Feed the Future Business Drivers for Food Safety – Cool ‘n Clean Approach in Senegal
Temperature control and food hygiene are vital for keeping food safe as it moves through the food system. Disruption of the cold chain and poor hygiene practices during food handling at any point of the supply chain – production, processing, transport, storage, and final retail – can lead to spoilage and contamination. This adversely affects the safety and nutritional value of food, as well as the shelf-life, quality, and profitability of food products.
The Feed the Future Business Drivers for Food Safety (BD4FS), funded by USAID and implemented by Food Enterprise Solutions (FES), works with businesses and entrepreneurs to co-create solutions to food safety challenges. In Senegal, like in many Feed the Future countries where USAID is working, food systems lack adequate temperature control and cleanliness technologies and practices throughout the supply chain. This is due, in part, to barriers that businesses face in accessing the financing needed to implement cooling technologies and to apply cleanliness (WASH) practices. In addition, some commonly used food processing techniques, like smoking and braising fish, create chemical toxins that pose health risks to women processors and consumers. BD4FS takes a Cool ‘n Clean approach to address these types of food safety challenges associated with temperature control and hygiene.
Join BD4FS to learn about our Cool ‘n Clean approach, key findings from our initial studies in Senegal, and next steps in working with businesses to create a culture of food safety in Senegal and beyond.
BD4FS Senegal Program Director
Food Enterprise Solutions
Mariama Dieng is an expert in business and development with fifteen years of professional experience that consist of managing gender-sensitive development programs covering several West African countries under donor funding. She has overseen regional agriculture and fisheries micro and small enterprise programs aiming to raise revenues and better market access through quality improvements. Consequently, she has developed a thorough knowledge of food safety issues and she is highly motivated to promote a culture of food safety among entrepreneurs, consumers, and decision-makers.
Mariama is an expert field agent, adept at networking based on common values. Prior to joining FES, she served as the West Africa Fisheries Policy (REPAO) Program Manager for ENDA Tiers Monde. She also collaborated with the National Confederation of Employers of Senegal as Advisor in Business Development Services before her most recent position with the Japan International Cooperation Agency as the Program Officer for the agriculture and fisheries team and Country Officer for The Gambia. She holds a master’s degree in Development Studies and a Certificate of Continuing Education in Entrepreneurship and Promotion of Small and Medium Enterprises from the Graduate Institute of International and Development Studies in Geneva and a bachelor’s degree in Business and International Trade from the University Gaston Berger of Saint-Louis in Senegal.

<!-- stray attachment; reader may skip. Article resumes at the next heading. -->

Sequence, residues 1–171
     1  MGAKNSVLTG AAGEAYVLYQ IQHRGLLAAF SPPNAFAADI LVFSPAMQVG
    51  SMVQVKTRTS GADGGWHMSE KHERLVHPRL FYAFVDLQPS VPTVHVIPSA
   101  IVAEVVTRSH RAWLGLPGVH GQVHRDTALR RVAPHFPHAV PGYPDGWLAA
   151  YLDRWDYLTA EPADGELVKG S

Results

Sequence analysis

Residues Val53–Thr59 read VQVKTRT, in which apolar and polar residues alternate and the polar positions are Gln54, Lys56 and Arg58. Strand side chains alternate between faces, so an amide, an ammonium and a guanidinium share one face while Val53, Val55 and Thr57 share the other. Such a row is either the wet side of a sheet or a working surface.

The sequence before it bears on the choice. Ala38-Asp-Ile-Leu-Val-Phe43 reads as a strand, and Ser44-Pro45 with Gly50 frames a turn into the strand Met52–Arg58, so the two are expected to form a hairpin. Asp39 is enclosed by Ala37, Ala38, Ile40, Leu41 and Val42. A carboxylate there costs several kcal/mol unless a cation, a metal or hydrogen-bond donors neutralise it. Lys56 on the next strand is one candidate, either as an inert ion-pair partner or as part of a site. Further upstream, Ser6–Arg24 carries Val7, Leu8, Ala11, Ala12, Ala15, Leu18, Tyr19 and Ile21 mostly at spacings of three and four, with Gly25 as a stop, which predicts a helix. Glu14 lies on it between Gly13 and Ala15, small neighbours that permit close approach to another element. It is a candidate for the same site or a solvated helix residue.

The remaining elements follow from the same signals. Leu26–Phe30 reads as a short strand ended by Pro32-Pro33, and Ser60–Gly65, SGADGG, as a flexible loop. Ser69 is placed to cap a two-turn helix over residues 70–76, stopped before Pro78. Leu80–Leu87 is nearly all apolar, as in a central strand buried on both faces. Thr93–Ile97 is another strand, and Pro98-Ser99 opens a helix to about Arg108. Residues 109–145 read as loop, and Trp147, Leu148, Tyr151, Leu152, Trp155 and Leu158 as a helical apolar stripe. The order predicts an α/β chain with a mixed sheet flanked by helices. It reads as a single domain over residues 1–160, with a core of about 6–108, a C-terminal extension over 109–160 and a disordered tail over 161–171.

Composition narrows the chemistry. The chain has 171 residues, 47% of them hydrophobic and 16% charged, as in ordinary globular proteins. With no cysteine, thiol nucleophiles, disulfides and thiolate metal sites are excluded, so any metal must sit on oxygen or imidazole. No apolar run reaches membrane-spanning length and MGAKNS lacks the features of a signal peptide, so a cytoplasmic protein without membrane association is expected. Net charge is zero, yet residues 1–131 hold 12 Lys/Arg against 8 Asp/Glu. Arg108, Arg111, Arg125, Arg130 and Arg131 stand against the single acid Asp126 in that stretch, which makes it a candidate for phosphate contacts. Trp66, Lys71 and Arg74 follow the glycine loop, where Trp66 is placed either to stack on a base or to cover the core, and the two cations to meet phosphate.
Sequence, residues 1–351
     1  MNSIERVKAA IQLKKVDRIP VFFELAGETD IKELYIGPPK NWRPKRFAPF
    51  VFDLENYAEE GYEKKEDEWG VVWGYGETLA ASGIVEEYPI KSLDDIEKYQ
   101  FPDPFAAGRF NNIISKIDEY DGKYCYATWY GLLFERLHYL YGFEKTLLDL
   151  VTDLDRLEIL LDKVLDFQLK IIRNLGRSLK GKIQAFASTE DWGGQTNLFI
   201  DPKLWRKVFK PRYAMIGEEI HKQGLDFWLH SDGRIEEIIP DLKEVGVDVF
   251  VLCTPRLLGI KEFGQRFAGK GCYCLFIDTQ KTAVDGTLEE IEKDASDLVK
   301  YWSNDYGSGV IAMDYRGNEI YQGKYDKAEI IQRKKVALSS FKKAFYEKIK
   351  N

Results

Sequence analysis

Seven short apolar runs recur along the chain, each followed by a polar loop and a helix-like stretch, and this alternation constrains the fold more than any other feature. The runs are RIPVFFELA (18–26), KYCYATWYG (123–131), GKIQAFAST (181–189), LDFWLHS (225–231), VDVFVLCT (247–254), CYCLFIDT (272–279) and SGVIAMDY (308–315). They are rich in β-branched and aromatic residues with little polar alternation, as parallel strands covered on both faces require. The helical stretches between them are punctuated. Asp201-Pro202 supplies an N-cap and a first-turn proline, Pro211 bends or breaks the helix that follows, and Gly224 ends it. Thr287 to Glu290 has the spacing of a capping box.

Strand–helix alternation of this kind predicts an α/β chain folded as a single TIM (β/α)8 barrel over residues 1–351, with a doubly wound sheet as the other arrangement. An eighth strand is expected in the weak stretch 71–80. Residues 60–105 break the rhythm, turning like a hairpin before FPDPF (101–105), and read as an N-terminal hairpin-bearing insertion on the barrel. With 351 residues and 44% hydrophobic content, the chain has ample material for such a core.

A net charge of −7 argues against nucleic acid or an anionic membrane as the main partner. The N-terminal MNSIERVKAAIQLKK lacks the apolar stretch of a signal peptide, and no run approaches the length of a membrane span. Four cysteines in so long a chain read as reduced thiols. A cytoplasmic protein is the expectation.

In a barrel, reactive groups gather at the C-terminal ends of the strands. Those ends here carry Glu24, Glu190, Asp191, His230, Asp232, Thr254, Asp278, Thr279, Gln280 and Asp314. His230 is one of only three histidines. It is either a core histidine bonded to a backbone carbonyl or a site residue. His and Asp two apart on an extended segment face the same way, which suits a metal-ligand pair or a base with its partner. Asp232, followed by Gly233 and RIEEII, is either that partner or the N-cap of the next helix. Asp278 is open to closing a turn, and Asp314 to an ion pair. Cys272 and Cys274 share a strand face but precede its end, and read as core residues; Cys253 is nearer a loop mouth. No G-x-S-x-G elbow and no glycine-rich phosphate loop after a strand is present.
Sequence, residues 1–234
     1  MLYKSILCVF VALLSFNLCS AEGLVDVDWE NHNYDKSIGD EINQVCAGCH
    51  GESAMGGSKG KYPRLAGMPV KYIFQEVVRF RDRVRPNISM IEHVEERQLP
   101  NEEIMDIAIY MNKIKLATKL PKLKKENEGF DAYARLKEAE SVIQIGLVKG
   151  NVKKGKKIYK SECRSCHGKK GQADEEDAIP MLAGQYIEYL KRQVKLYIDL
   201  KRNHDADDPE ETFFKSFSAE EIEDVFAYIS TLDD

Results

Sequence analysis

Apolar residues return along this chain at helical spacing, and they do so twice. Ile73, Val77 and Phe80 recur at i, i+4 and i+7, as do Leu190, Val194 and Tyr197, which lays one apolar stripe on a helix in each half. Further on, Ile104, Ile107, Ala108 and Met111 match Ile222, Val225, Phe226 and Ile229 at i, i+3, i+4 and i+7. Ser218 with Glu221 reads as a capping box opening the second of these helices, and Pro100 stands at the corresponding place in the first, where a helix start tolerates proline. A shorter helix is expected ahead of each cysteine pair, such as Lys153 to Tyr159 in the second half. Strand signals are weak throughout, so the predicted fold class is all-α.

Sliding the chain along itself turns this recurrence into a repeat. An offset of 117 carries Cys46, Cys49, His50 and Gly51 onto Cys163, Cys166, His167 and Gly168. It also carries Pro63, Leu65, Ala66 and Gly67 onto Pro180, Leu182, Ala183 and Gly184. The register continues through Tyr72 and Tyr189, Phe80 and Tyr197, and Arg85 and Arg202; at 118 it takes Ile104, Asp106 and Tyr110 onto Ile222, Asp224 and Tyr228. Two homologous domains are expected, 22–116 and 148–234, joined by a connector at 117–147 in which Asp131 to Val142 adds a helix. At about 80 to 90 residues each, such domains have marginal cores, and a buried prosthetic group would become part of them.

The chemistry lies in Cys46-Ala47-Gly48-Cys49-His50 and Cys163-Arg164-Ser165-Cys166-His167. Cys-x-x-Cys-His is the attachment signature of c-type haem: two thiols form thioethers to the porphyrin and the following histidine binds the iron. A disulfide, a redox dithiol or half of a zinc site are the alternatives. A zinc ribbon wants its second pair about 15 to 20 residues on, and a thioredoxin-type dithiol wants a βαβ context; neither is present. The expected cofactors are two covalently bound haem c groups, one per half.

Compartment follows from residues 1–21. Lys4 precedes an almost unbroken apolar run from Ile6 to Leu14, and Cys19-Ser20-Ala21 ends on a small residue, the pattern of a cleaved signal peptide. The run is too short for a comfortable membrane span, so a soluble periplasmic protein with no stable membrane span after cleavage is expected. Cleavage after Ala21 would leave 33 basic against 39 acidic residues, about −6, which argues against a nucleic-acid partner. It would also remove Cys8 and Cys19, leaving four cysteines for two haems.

Director of Research and Learning
Food Enterprise Solutions
Thoric Cederstrom is a champion of market-driven approaches to reducing hunger and malnutrition. He is experienced in designing, implementing, and evaluating programs that engage public, private, and civil-society institutions and key actors in building sustainable, commercially-viable, safe, and nutritious food systems. A recognized research analyst and program strategist, Thoric’s expertise includes developing cash-based interventions for rural livelihoods, conducting participatory food security assessments, designing stakeholder training and capacity building programs, and conducting anthropometric surveys. From his roots growing up on a family dairy farm in Missouri, Thoric went on to work extensively in Latin America, Africa, Central Asia, and South Asia. He holds degrees in Development Anthropology, Medical Anthropology, Agricultural Economics, and Archaeology; and is fluent in Spanish and Portuguese, and conversational in French.
North Carolina State University
Tawanda Muzhingi is a nutritionist, food scientist, and development expert based in Research Triangle Park area in North Carolina. Tawanda is an adjunct professor in the Department of Food, Bioprocessing & Nutrition Sciences at North Carolina State University, Raleigh, NC and an Innovation Consultant with RTI, Durham, NC. He also worked in the CGIAR system with the International Potato Center (CIP) in Nairobi Kenya as a Senior Scientist and Flagship Leader in CGIAR Global Research Program on Roots, Tubers and Banana (RTB) and in his native country Zimbabwe with the International Maize and Wheat Improvement Center (CIMMYT). Before joining CIP, Tawanda worked at the Jean Mayer United States Department of Agriculture (USDA) Agricultural Research Services (ARS) Human Nutrition Research Center on Aging at Tufts University, Boston, MA. He obtained his Ph.D. in Biochemical and Molecular Nutrition and M.S. in Food Policy and Applied Nutrition from the Gerald J. and Dorothy R. Friedman School of Nutrition Science and Policy at Tufts University, and Bachelor of science degree in Nutrition from the University of Zimbabwe. His research interests are in commercialization pathways for nutrition, technology transfer, food processing, food safety, market insights, and capacity building. Tawanda is supporting Food Enterprise Solutions (FES) as a short-term Food Safety Consultant for the Feed the Future Business Drivers for Food Safety (BD4FS), USAID funded project.